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– a small valve commonly used to connect refrigerator icemaker water
supplies. Clamps onto, or ‘saddles’ a water line, from which it obtains
its water supply. There are basically two types: those that pierce the
water line, and those that require drilling a hole into the line.
– An entire refrigeration system, consisting of compressor, evaporator,
condenser, drier-filter, connecting tubing, and the captive oil and
– a multi-position electrical switch that routes current flow to
different circuits depending on the user’s choice. Usually either rotary
or pushbutton type switches.
– usually seen on the rear legs of automatic top-load washers, these
devices simplify the leveling process during installation. The front
feet are leveled side to side, then the machine is tipped forward a bit
and dropped down onto the rear feet. This mechanism is designed to cause
the rear feet to conform to the floor and level the washer.
– A short plastic support post that anchors to a refrigerator or freezer
liner and upon which the shelves rest. Most turn clockwise to install,
and clockwise again to remove. Come in (too) many different shapes and
Side by side
– Refrigerator with the fresh food and freezer sections next to each
other. Traditionally the freezer section is on the left side.
– In dishwashers, a coarse screen container, usually made of plastic,
that holds silverware and other small items, keeping them from falling
into the sump area.
– Lowest setting of a cooking appliance burner. In newer gas models,
this is adjustable by means of a small screw in the center of each
burner valve. Pulling a burner control’s knob off allows insertion of a
screwdriver into the valve shaft to turn the adjustment screw so the
flame is as low as possible on ‘simmer’ without going out when the
control is turned from high to simmer quickly.
– A small check valve that allows air into a drain system to prevent a
siphon from becoming established. Used mainly in clothes washer drains.
– A disc attached to a motor to prevent water from getting into it and
causing damage, by throwing it away from the motor shaft via centrifugal
force. Often seen above dishwasher motors to help protect them if the
rotary seal should fail.
– Please, no jokes about us old guys with increasingly ‘reflective’
domes! We’re thinking here of electric ranges with some version of glass
over their surface burners. Nice to look at, these are easier to clean
than conventional cooktops - but not terribly practical if you’re a
– A device that adds some friction to a suspension system to dampen
vibration. Most often used on washers in one form or another.
– My Mom had one of these, very finely honed, when I was a kid. These
days, they’re used mainly in high-end dishwashers to ‘read’ suspended
dirt in wash water.
– Electronic circuit that provides the high voltage to spark ignite
modern gas burners. Usually built as one completely sealed unit.
– A large rotary seal (which see) in a clothes washer that protects the
main shaft and bearings.
– One of the longitudinal grooves machined into a shaft to locate
whatever attaches to it, to keep it from turning.
– In dishwashers, this is a rotating, perforated tube, usually
flattened, through which the wash water recirculates during the wash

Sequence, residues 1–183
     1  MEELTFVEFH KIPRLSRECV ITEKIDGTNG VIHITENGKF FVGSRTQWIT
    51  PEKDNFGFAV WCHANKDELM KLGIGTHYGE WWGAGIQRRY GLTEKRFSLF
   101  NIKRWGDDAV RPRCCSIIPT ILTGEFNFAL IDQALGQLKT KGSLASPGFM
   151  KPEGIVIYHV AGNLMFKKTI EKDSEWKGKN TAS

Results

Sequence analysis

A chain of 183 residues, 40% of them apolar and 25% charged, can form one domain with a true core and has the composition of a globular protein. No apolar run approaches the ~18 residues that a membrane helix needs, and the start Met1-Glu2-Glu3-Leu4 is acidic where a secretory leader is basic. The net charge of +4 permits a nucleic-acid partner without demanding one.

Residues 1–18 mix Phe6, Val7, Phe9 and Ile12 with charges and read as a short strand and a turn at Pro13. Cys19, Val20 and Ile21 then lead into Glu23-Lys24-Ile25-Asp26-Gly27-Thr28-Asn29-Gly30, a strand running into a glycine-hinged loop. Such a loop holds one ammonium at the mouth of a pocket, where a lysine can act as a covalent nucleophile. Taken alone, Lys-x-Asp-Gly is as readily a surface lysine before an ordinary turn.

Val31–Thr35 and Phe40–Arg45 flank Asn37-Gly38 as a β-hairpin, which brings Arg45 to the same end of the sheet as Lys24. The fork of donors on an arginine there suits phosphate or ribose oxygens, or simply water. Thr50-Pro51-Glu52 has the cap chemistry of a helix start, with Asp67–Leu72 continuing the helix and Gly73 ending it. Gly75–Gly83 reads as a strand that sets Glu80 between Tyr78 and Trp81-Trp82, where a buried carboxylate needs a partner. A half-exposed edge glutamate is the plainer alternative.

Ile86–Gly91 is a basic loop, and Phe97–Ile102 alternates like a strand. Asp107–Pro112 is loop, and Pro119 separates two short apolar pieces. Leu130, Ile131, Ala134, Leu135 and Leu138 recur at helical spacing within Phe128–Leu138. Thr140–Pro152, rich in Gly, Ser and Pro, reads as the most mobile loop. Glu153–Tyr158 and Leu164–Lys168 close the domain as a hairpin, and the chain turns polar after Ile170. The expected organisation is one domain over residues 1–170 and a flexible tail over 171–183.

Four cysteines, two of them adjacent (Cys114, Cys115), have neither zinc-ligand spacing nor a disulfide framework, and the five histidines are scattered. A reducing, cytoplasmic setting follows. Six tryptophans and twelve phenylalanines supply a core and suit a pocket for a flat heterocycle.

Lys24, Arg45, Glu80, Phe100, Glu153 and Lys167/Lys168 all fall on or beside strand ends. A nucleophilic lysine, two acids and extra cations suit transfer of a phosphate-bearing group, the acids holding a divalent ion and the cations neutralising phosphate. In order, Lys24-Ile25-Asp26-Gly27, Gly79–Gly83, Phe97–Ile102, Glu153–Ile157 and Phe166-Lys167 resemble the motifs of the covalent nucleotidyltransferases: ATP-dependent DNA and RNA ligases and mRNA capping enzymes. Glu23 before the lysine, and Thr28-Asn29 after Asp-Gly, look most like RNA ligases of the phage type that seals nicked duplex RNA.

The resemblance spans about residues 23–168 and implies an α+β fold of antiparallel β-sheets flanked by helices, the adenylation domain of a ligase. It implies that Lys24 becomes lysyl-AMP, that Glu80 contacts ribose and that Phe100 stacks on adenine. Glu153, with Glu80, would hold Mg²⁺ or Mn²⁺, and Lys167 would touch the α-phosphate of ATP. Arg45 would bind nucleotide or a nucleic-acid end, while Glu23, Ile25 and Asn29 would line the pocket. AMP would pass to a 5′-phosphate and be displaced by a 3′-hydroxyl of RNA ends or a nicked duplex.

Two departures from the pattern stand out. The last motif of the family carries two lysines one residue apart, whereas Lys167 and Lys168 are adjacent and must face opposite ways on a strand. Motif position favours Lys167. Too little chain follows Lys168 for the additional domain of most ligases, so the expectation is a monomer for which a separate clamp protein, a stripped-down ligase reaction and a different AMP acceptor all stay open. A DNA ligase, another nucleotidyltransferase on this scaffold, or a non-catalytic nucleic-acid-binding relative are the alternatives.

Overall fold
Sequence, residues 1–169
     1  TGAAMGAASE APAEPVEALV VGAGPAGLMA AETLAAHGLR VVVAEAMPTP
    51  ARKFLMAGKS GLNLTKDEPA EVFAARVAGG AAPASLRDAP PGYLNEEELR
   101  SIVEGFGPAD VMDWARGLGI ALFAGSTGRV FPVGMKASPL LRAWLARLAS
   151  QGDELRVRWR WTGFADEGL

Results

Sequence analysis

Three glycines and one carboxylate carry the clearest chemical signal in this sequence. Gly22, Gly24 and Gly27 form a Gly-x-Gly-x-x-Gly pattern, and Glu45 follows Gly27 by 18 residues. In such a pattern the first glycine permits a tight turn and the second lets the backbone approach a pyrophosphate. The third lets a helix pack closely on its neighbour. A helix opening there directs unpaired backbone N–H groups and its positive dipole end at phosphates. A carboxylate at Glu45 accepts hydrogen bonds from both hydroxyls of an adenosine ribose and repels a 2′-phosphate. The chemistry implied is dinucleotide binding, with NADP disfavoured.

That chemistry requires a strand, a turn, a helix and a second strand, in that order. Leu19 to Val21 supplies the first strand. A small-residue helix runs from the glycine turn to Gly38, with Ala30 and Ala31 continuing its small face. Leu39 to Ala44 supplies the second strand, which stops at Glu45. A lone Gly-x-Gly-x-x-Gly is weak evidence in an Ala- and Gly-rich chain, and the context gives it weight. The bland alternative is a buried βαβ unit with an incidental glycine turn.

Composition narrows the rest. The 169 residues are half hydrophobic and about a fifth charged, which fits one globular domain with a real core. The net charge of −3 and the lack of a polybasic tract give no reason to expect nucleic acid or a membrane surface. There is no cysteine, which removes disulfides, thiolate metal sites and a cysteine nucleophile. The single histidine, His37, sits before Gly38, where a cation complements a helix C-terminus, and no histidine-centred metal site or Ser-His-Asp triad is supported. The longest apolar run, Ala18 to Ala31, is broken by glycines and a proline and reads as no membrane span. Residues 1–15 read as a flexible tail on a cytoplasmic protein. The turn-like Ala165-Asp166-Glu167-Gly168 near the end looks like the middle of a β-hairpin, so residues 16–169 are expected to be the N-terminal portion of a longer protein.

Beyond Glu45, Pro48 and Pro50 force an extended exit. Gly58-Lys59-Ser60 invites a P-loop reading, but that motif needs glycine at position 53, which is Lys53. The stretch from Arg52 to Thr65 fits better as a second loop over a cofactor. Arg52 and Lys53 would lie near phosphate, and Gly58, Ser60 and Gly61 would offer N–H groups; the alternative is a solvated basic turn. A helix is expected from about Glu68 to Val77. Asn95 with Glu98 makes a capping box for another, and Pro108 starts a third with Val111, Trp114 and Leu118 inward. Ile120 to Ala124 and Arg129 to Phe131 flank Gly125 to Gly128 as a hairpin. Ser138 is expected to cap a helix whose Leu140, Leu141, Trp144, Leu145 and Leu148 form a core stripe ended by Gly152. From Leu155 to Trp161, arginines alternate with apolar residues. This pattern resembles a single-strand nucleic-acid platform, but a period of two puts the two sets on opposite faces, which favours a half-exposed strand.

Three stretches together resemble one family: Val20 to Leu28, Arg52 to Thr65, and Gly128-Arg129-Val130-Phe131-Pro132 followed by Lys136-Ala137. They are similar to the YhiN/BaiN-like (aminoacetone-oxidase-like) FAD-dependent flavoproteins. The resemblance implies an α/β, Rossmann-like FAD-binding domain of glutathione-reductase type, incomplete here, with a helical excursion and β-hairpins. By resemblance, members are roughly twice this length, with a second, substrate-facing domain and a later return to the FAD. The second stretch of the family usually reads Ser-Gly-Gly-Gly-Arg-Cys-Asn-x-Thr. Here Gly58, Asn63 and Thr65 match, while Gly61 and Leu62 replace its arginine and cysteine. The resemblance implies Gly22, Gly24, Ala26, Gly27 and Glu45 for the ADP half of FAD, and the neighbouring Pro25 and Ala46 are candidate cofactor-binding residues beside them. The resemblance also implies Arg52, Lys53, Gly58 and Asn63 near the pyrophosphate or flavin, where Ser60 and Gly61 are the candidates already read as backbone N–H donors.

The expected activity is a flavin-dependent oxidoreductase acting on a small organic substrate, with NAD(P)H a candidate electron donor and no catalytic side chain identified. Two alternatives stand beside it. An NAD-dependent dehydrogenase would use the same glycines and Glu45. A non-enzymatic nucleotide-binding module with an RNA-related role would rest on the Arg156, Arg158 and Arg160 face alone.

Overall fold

cycle to distribute it over the dishes.
– A rotating metal device in microwave ovens that ‘mixes’ or randomizes’
the RF waves as they enter the cooking cavity, to distribute them
properly for more even cooking. Often turned by airflow from the
Magnetron cooling fan, although some older units used separate, small
– The changing of a solid to a vapor without first passing through the
liquid state. Ice cubes do this in the dry air of a frost-free
refrigerator over time, shrinking in size if left in the freezer very
long. Mothballs also sublime.
– The ‘low side’ tube that connects a refrigeration system’s compressor
to the evaporator. The larger of the two tubes that make this
connection, and the biggest tube seen connected to the compressor. The
compressor ‘pulls’ on this line, causing refrigerant in the evaporator
to boil off, and absorbing heat in the process.
– Compressors are intended to move only vapor, while pumps are meant to
pump liquid. When a water pump encounters soapsuds – air bubbles – it
can’t handle them, and this is what we call it. The result is no water
– The lowest point in a water-handling system, where liquids collect and
are moved upward.
– Electric range top burner. These come in several sizes, in
‘conventional’ spiral-shaped exposed coils and similar coils of smaller
gauge wire under ‘smooth top’ cooktops. Most operate on 240 volts, and
will glow a bright red on the ‘high’ setting. Many ‘conventionals’ plug
into their own receptacle for easily removal for cleaning.
Surface unit receptacle
– Special Bakelite or plastic block, usually two-wire, into which a
conventional surface unit plugs.
System access valve
– any of the many types and sizes of valves, usually with Schrader style
inserts, used to connect to the inside of a refrigeration system. Some
of these are soldered onto the various sizes of copper refrigeration
tubing, then an interior needle pierces the tubing to gain entry to the
system without losing any refrigerant. Other styles are inserted into
the cut tubing after a repair is done and the system’s been opened. They
all allow a servicer to connect diagnostic gauges, vacuum pumps,
refrigerant bottles, etc, to the sealed system. Soldered-on types can be
left on the system in case future service is needed. Clamp-on types
should not be left permanently connected, because most rely on a rubber
pad seal that will deteriorate over time, causing a leak. This type
valve should be used only as a diagnostic tool - to temporarily add a
small ‘diagnostic charge’, etc.
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